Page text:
Drewry’s Global Freight Rate Index, a weighted average of spot container freight rates across all major routes except intra-Asia, swung back in July by 13% to reach $1,403 per 40ft box. The global spot rate index had dropped to an all-time low of $1,113 per 40ft container in April. Drewry is in a unique position to track these trends through its Container Freight Rate Insight online platform, via which a constant panel of over 30 forwarders and NVOCCs report rates on a continuous basis.
Wave goodbye to $50 bln - Drewry
Container industry revenues are contracting faster than carriers can cut costs. First-half results so far suggest sales are down by around 18%, increasing the pressure to reduce costs. The container shipping industry is currently enduring a severe revenue contraction that is placing carriers under enormous pressure to squeeze more savings wherever they can and is driving the latest round of M&A activity. The first-half 2016 financial results that have been published so far from a handful of major carriers paint a very depressing picture for the industry.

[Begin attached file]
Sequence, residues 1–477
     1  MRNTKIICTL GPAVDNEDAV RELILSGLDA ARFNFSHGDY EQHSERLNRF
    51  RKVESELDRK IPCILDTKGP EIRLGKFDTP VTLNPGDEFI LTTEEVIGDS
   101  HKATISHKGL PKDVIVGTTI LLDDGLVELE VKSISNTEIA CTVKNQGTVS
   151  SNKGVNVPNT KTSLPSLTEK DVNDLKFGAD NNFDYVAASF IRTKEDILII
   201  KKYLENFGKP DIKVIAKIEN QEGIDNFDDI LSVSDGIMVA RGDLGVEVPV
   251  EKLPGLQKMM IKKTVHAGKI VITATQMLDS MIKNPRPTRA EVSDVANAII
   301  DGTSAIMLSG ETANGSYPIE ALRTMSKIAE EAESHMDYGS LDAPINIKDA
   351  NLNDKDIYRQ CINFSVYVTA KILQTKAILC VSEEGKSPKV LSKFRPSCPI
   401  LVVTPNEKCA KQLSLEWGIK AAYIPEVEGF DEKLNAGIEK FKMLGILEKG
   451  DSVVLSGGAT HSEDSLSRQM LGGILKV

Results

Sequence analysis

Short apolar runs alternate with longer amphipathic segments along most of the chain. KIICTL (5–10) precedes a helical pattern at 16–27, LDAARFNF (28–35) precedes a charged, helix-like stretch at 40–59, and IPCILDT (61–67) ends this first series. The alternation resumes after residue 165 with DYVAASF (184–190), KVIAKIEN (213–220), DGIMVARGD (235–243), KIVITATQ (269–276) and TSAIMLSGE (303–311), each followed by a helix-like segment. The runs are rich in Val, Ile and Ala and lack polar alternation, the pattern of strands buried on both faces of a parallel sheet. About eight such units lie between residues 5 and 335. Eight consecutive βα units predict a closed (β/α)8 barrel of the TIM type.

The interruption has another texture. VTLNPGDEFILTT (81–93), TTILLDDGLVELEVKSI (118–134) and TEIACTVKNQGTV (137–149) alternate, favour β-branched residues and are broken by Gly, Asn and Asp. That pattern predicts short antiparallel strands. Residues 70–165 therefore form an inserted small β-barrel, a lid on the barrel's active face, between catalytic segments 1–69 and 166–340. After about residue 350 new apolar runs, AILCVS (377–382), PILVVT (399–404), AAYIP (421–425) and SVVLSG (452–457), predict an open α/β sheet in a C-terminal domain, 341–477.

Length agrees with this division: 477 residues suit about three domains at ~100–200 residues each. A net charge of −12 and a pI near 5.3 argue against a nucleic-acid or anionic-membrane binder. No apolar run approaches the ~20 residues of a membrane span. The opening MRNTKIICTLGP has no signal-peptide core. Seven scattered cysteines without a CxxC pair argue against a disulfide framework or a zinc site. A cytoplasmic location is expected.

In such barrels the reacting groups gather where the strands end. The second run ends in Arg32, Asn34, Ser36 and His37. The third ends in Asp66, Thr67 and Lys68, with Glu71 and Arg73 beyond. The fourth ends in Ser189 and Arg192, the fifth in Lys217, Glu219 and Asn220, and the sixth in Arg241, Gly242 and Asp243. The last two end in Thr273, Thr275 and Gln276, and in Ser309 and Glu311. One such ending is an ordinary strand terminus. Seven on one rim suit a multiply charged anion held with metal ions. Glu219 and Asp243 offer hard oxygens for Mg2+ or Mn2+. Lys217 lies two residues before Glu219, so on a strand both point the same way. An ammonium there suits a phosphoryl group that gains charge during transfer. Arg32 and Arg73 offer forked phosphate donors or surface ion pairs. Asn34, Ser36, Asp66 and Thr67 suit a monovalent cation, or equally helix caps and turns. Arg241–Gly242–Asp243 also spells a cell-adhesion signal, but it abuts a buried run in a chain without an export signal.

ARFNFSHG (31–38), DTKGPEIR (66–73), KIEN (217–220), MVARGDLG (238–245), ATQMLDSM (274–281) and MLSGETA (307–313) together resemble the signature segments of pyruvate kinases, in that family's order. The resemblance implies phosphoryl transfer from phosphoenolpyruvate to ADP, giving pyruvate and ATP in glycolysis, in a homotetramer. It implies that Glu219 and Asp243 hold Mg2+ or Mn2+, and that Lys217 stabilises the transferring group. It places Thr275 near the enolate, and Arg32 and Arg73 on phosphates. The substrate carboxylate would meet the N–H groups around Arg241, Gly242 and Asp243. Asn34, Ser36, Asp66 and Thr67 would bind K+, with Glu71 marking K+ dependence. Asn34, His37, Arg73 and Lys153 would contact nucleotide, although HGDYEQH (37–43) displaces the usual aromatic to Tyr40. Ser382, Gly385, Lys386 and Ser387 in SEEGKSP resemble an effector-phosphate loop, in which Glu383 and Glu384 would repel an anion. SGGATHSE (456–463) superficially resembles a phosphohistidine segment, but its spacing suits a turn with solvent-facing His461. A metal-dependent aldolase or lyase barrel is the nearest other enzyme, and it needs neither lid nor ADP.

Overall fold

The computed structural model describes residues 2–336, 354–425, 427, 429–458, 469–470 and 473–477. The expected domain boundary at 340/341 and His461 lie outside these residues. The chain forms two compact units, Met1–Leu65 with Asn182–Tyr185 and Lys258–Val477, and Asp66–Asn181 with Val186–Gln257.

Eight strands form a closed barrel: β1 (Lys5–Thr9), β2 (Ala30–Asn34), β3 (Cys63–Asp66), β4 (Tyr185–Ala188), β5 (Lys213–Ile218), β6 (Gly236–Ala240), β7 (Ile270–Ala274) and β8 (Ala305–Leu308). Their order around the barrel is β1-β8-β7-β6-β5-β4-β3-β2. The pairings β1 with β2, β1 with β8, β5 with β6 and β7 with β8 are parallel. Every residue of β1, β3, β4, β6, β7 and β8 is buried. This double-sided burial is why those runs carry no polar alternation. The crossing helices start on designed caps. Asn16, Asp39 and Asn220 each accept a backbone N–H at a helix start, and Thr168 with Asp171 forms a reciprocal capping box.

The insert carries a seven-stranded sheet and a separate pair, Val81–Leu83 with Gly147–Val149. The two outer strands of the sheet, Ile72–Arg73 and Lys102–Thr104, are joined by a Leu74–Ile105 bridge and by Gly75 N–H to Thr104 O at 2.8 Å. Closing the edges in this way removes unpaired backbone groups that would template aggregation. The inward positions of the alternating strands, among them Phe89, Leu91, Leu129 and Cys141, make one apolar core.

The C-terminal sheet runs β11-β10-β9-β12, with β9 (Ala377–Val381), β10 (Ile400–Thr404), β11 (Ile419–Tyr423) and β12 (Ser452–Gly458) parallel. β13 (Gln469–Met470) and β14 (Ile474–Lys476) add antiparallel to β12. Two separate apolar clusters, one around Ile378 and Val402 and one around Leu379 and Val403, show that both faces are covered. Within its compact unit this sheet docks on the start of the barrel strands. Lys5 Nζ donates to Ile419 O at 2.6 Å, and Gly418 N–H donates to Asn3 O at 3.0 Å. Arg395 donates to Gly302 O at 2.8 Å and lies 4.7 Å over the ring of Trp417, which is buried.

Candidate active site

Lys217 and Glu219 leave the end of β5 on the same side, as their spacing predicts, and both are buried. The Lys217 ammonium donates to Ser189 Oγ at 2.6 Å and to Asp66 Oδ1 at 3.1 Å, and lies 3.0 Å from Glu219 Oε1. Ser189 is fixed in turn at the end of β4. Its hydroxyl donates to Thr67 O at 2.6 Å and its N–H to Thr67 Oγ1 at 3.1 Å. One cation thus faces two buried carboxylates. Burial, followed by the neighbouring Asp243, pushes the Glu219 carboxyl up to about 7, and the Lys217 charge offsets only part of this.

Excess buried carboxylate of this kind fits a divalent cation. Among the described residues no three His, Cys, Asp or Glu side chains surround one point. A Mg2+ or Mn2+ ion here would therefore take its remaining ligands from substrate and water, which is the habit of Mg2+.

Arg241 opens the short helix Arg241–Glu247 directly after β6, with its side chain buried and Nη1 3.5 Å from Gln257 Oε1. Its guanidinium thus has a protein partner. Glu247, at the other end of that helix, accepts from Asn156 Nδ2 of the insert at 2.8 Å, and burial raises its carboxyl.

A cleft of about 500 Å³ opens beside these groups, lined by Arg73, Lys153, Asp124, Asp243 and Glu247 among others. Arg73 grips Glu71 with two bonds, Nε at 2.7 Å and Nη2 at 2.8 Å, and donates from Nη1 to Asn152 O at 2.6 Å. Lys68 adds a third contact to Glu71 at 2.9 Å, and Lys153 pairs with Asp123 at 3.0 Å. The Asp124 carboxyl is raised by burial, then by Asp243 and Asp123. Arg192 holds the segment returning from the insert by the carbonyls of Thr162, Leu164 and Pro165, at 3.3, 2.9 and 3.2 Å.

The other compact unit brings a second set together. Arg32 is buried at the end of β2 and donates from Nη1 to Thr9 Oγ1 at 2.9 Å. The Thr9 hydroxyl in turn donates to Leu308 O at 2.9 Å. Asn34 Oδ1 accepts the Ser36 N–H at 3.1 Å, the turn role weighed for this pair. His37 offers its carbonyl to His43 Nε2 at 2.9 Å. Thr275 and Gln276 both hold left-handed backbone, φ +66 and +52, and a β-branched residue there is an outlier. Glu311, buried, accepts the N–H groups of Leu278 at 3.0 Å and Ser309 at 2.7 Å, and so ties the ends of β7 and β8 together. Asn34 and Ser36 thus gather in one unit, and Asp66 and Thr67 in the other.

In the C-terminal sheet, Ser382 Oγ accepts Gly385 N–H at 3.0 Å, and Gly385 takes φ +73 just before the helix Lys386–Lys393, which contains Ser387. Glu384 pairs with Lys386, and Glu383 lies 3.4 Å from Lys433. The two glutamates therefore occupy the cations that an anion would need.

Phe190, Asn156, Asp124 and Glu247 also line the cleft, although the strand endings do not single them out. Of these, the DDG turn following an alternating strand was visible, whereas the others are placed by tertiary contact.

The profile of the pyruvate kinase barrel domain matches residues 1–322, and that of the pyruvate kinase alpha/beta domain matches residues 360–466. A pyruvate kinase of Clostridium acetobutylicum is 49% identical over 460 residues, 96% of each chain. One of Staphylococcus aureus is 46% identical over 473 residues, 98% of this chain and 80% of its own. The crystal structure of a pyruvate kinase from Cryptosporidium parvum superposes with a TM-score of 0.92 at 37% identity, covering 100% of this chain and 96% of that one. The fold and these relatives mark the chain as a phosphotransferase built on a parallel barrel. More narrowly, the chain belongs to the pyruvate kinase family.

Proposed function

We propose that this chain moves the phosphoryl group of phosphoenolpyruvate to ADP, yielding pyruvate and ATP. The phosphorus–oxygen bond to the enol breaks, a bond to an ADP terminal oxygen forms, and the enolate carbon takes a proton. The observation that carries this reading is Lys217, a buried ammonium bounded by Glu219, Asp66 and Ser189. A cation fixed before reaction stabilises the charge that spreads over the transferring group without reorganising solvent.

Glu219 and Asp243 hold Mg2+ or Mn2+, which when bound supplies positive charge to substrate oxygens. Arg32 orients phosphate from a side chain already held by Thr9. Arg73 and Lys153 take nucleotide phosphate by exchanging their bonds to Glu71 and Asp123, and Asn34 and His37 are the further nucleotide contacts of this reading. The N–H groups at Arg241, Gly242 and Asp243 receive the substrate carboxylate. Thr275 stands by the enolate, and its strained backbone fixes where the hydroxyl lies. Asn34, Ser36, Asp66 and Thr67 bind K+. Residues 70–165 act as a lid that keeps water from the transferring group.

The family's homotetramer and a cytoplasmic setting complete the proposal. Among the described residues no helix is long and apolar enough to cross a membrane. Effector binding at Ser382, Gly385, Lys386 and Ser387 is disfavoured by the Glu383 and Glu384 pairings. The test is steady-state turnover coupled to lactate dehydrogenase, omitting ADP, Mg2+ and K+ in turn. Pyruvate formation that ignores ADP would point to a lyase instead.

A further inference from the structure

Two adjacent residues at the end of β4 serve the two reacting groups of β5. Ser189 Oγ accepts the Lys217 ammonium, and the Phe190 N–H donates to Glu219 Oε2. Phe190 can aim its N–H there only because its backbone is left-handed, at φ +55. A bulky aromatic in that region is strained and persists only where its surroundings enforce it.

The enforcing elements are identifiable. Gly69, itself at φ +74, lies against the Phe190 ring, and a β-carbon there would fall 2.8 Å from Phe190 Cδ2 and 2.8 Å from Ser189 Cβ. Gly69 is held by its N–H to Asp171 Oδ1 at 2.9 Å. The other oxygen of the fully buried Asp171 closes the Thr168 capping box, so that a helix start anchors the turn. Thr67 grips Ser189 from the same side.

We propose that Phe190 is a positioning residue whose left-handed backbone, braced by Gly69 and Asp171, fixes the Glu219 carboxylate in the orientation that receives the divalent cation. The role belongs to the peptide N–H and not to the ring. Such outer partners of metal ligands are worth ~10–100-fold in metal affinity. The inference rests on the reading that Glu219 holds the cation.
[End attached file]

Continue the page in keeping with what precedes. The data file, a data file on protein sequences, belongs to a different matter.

Hapag-Lloyd Wins 2016 Ocean Performance Award
The GT Nexus Shipper Council, a community group of supply chain executives representing large global enterprises, has recognized Hapag-Lloyd, one of the world's leading container liner shipping companies, as the winner of the 2016 Ocean Performance Award. The award was granted at Bridges 2016, the leading cloud supply chain industry event held July 10-13 in New York as part of Inforum. Hapag-Lloyd operates a fleet of 175 modern container ships and a total capacity of 955,000 twenty-foot equivalent units (TEU). The company has approximately 9,400 employees at 361 sites in 118 countries.
Westwood Shipping Withdraws from Port of Portland